got some food? DIANE PINELLO: Well, it’s 8
o’clock and you can’t keep a room full of Italians– FRANK PINELLO: Oh, what’s
up, Thomas? What’s going on with
everybody? I had never imagined I would
take that walk with Bill. Hi. How are you? Everybody sit down. Eat. BILL: Oh sweet. Thank you very much. FRANK PINELLO: We talked a
lot about pizza today. This is the style of pizza
that I grew up eating– country-style grandma’s pizza. My grandmother stuffed this one
with some tomatoes, some caramelized onions, possibly
some anchovies in there– I haven’t tasted it yet,
so I’m not sure. But this is the way we do it. Full table full of food, and
eat until we’re stuffed. My grandmother put out
a lot of dishes. I know she knew that camera was
coming, but I’ll be honest with you, it’s always
like that. Classic Sicilian pasta
right here. Put a little bit of bread
crumbs as a topping. A lot of people in Sicily
couldn’t afford cheese as a topping, so you see bread crumb
pretty often on top of pasta, which it’s starch on
starch but like the texture combination goes really,
really well. PASQUALINA PINELLO:
[SPEAKING ITALIAN] FRANK PINELLO: Yeah I know. He needs to eat, right, Nonna? He needs to eat. PASQUALINA PINELLO:
You like it? You love it? BILL: I love it. I love it. PASQUALINA PINELLO:
You eat it. I love you. I love you [INAUDIBLE]. FRANK PINELLO:
[SPEAKING ITALIAN] STEVE PINELLO: He loved to eat,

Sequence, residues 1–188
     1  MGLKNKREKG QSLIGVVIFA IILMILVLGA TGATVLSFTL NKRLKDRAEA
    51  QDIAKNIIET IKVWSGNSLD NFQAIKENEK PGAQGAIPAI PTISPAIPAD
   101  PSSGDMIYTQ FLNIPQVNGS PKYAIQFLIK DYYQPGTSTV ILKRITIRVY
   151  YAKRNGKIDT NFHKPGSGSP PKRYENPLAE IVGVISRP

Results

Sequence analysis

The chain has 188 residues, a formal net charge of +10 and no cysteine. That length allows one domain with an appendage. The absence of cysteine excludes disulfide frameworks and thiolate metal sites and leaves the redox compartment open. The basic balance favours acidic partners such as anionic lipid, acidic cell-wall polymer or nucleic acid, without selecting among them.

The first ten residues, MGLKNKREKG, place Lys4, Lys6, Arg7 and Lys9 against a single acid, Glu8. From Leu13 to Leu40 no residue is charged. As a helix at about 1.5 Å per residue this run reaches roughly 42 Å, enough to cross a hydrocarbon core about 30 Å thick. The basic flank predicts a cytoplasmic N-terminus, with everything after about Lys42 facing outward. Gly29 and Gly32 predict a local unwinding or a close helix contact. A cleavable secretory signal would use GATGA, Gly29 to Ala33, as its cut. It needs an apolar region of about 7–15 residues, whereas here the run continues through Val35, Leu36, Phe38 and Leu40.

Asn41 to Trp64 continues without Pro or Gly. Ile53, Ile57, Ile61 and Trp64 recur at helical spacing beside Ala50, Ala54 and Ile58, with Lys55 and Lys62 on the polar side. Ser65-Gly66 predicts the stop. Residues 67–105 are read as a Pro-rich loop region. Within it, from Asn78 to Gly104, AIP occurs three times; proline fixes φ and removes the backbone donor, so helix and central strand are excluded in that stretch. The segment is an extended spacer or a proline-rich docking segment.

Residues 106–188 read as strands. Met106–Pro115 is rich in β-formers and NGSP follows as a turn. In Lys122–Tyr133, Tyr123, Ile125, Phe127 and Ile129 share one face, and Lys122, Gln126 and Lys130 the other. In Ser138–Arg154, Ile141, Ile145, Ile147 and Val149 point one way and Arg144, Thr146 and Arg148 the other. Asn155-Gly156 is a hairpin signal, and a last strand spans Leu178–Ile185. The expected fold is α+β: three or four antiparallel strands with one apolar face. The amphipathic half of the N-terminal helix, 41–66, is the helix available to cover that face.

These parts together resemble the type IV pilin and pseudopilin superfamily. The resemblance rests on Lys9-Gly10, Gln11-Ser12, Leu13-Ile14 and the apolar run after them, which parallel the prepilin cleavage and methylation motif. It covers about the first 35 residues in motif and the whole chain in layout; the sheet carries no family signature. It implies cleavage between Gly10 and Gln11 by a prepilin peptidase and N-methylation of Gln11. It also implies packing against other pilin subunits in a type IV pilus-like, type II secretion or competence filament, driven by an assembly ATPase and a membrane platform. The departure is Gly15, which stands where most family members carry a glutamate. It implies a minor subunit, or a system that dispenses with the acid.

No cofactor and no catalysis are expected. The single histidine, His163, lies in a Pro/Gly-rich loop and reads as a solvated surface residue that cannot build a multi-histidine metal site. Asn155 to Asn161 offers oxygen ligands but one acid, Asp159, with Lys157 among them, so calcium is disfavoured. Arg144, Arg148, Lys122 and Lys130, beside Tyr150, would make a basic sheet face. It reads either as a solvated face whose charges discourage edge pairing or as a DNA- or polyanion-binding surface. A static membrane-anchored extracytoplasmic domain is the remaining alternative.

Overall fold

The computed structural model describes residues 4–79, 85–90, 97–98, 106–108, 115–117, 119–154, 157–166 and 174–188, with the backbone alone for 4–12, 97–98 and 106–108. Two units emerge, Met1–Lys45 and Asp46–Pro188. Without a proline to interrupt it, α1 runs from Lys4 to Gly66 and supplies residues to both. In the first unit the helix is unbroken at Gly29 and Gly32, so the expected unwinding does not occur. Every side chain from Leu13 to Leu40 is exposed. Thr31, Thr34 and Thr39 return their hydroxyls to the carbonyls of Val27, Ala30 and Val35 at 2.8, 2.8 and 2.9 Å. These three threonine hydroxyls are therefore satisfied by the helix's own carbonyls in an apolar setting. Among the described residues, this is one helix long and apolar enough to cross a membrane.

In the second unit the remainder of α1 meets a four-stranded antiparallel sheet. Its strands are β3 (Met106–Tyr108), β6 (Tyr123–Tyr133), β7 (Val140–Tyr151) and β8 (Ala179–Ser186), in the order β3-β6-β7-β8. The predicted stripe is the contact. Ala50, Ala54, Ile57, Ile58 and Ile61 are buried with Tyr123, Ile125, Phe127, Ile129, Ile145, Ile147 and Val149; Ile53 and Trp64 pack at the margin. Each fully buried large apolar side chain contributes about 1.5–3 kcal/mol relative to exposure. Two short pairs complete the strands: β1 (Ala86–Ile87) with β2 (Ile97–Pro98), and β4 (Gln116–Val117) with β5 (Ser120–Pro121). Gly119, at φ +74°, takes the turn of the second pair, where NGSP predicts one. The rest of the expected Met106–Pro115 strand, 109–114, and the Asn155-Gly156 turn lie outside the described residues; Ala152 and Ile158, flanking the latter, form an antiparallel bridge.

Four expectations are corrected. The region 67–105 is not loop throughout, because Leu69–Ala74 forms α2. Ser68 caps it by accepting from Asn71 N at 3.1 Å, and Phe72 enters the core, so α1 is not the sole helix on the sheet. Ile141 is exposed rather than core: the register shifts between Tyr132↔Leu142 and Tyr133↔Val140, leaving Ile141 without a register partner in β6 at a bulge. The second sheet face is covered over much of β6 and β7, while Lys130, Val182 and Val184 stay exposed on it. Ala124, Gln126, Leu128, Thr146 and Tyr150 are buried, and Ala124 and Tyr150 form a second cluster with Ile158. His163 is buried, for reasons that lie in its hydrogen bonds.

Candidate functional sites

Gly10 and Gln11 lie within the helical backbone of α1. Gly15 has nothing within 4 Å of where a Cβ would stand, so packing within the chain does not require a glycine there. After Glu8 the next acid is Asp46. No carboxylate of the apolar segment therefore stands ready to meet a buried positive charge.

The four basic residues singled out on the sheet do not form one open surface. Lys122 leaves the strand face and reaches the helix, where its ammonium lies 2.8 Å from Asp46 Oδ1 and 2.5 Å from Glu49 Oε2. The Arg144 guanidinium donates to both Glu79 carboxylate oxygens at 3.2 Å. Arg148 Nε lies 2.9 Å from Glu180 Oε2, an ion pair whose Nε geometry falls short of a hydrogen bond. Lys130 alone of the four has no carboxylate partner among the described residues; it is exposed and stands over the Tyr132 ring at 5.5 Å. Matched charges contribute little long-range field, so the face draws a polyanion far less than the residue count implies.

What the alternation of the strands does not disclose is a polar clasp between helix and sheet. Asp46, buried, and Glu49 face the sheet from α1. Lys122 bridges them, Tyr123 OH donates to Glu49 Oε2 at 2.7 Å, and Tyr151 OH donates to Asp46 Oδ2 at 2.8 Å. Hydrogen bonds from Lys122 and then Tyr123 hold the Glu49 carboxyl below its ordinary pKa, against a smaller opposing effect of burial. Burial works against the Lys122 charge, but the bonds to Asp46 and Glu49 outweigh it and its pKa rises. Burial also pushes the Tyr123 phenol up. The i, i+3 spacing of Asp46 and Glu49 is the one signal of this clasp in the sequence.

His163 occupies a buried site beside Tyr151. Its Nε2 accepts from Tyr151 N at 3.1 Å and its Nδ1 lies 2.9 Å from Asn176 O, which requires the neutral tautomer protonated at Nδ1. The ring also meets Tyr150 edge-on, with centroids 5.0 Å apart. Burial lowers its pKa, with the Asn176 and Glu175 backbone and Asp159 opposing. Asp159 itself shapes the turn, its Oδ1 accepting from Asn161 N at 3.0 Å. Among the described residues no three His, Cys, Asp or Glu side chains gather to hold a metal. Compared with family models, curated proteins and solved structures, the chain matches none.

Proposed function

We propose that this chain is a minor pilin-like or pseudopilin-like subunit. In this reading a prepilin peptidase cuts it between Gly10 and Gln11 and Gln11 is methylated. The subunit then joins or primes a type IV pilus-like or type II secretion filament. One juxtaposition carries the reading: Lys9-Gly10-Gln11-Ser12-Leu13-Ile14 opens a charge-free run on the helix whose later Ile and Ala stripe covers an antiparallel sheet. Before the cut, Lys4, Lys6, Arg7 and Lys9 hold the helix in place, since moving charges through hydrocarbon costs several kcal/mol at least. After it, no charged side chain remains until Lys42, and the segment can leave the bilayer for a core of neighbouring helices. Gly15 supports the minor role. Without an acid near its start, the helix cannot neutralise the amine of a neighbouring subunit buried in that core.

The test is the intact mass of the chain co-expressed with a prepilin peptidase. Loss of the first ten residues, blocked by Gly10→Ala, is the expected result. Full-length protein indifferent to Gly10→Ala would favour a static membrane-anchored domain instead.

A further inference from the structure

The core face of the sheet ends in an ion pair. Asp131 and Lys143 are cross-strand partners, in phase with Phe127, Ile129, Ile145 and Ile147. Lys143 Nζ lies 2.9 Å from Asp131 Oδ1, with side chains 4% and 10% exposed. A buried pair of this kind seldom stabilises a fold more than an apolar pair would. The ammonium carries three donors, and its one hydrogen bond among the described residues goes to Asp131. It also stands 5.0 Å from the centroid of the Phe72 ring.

and he was like around the kitchen when my wife,
Diane, was cooking. He would actually advise us
as to what spice to use every now and then. He would kind of put his own two
cents into it as to say. FRANK PINELLO: My family was
never rich by any means, you know what I mean. We always grew up in apartments
in Brooklyn, but the one thing that we
did right was eat. The commitment to food that I
think Sicilian people have in general, it’s crazy. It’s amazing, and I feel lucky
that I was born into it. BILL: Woohoo. The Pinellos rock. All right. Thanks again you all. It’s great to see you. STEVE PINELLO: Bill, be
careful, brother. BILL: All right. STEVE PINELLO: All right. Keep those wheels oiled. FRANK PINELLO: After we left
grandma’s house, we came back to Best Pizza. And we had some friends waiting
for us here, and we did a meatball pizza, which is
starting to become a popular pie here, especially towards
the end of the night when people come in hammered
from the bar. We get our meat from
Pat Lafrieda. It’s 50% short rib,
50% brisket. All that fat is flavor, so we
want to make sure that we get all that nice, beautiful, clear
fat mixed in with those meatballs and back on
top of the pizza. Pizza is like the perfect
accompaniment for drinking. You come into a pizzeria, you
have a few beers, some pizza. You get yourself a nice base
before you go out to the bar and usually get hungry at
the end of the night. If you’re done partying with
your buds, coming back and having a nice fresh pie out of
the oven is to me– it’s like you can’t go wrong. It’s beautiful. -Who needs a napkin? FRANK PINELLO:
[SPEAKING ITALIAN] Nonna, what are you, pounding? To my grandfather, Nonu,
we miss you. Get better. In the hospital. To Munchies– uno, due, tre. PINELLO FAMILY: Salud. [INTERPOSING VOICES] PASQUALINA PINELLO:
[SPEAKING ITALIAN] FRANK PINELLO: Cheers.